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Going Parental: Parents that do their kids’ homework. Seriously.

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What kind of a parent does their kids’ homework for them? Like, actually does it for them, not helps. It seems to be an ongoing struggle for parents these days. I read an interesting piece by Sue Shellenbarger on The Juggle last week. I guess it’s kind of like this whole Keeping Up with the Steins mentality. Parents want their children to succeed, and heaven forbid they aren’t holding their own against their peers. So one parent starts and another gets wind of it and before you know it, you’ve got a bunch of 40-year-olds sitting at the kitchen table with rubber cement, a shoe box, modeling clay and construction paper — while their kids are in the den playing Grand Theft Auto on PS3. Yeah. That’ll get ’em into college.

I understand the overwhelming desire that we, as parents, have for our children to succeed. Or maybe I don’t.

All I can really comment on are the things I do know. My three-year-old is in nursery school. She knows her numbers, her letters and she’s even starting to write a little bit. Her eagerness to learn and do things for herself is amazing to me. I just can’t imagine ever stifling that by doing her work for her.

Based on the type of person she is today, I imagine she will be the kind of kid that won’t really want that much help, or if she does, I certainly can’t see her allowing me to do her assignments. She’s independent — very insistent on doing things for herself. But yes, I realize that she is three. Things will change.

The reality is I have no idea what kind of student she will be in the future. She might be a lazy bastard like I was and just say she’s too stupid to do well in school. I tried that shit for years. My mother wasn’t buying it. She got me tutors, sat and helped me study and work on reports, but she never did my work for me. She helped. But there was always that line.

Personally, I think she nailed it. I was an average high school student at best. I got by, but it was always the same old song and dance from my teachers on open school night — “Jackie’s a smart girl, she just doesn’t apply herself enough. She also needs to stop talking so much and making everyone laugh. It’s very distracting.” Yeah, like that was gonna happen.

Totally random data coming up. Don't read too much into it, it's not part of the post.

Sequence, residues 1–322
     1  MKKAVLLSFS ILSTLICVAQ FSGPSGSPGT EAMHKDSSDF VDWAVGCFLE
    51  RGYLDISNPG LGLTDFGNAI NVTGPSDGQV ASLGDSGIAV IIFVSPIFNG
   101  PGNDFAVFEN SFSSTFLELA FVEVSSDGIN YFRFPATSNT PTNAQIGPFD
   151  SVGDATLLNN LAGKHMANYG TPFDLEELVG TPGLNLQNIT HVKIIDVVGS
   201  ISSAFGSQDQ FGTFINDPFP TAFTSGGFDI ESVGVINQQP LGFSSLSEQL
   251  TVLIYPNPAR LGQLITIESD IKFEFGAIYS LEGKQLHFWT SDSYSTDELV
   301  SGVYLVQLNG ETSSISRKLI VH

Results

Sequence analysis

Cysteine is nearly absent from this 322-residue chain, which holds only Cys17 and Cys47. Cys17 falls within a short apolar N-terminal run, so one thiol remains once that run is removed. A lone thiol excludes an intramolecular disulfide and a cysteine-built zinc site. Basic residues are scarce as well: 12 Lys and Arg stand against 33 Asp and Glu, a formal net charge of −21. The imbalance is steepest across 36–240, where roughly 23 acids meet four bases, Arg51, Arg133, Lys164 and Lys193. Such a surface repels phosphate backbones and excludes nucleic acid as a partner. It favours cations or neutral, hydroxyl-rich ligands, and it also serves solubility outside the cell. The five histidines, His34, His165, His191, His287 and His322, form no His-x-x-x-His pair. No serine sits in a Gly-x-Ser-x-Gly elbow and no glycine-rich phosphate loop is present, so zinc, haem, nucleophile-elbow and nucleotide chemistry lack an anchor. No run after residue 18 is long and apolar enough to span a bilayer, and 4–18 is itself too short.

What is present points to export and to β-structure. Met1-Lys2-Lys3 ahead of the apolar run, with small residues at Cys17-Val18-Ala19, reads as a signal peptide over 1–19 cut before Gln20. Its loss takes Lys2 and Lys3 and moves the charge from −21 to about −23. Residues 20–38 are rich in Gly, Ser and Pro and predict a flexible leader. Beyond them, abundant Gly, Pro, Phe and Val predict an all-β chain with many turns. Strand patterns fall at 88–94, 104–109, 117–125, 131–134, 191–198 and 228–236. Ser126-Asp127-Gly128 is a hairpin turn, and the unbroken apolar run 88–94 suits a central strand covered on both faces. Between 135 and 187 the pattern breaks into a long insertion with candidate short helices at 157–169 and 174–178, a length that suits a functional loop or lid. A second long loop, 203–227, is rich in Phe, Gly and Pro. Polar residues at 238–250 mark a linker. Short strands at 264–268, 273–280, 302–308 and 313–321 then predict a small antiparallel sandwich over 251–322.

It didn’t change the way my parents handled me and my school work. They weren’t going to do it for me just so I would get good grades and advance. They just yelled instead and didn’t let me out at night. But you know what? It worked. Once I got into college, it all changed. I was still lazy and I totally fucked around, but at the end of the day, I did my work and received excellent grades. I have to say, I even surprised myself. To this day my mother still says, “See! You weren’t stupid. You’re were just a lazy ass.”

She was right. I had to figure it out for myself. Even if it meant watching me fail. The ends justified the means.

I think that parents today need to take a step back and realize that they’re not helping their kids by doing their work for them. What they’re really doing is robbing them of the knowledge they’ll need to succeed later in life, teaching them that it’s OK to cheat and ultimately showing themselves to be complete and utterly selfish bastards.

I wonder if there’s any connection between this type of parenting and the frighteningly high instance of stupid politicians in this country? It would actually explain a lot. Just sayin’.

Going Parental appears every Thursday. Stupid parents have always appeared — now they’re just more vocal about it.

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5 Responses to “Going Parental: Parents that do their kids’ homework. Seriously.”

  1. Totally agree. It is one thing for a parent to be aware of assignments their kid is bringing home and even to sit at the table with them helping them/guiding them with the best ways to go about molding that clay… but I can’t understand – and wonder what parents are thinking – when they do the work for their kids.

  2. Jaclyn’s excellent piece points to a much larger problem that was the subject of a recent cover story in Time Magazine – the now multi-generational epidemic of overparenting. I wonder if this is partly a perverse effect of greater gender equality and more working moms and involved dads. Whatever it is, it wasn’t a problem when I was growing up. We all seem to be overcompensating for something in raising our kids. And we stuff their lives with activities, depriving them of the need and opportunity to learn and play on their own. They need a lot of love and attention and help, to be sure, but independence too. Fellow-parents: if you are totally comfortable with the level of your kids’ independence, it probably means they don’t have enough.

  3. Frannie was working on her “life timeline” last night. For two hours. We drew (I held the ruler) 2 lines, wrote 2004 – 2009, her name and a title. That’s it. Ugh. It would have been very easy to push her aside, do it myself and be done in 15 minutes. Lol!

  4. You were never avergage– schools just need to figure out that kids and even adults learn differently! Some have an incredible creativity, curiosity, knack for expressing themselves, and yes, making others laugh. That’s not a waste. That’s a kid who needs to be inpsired in a way that a typical 9th grade science class fails to do. And are you in any way worse off for not knowing th periodic table backwards and forwards? Doubtful

  5. great piece jacks! sorry i missed it when you wrote it! so true! we wont do jessie’s homework for her but we will help her when she needs it!

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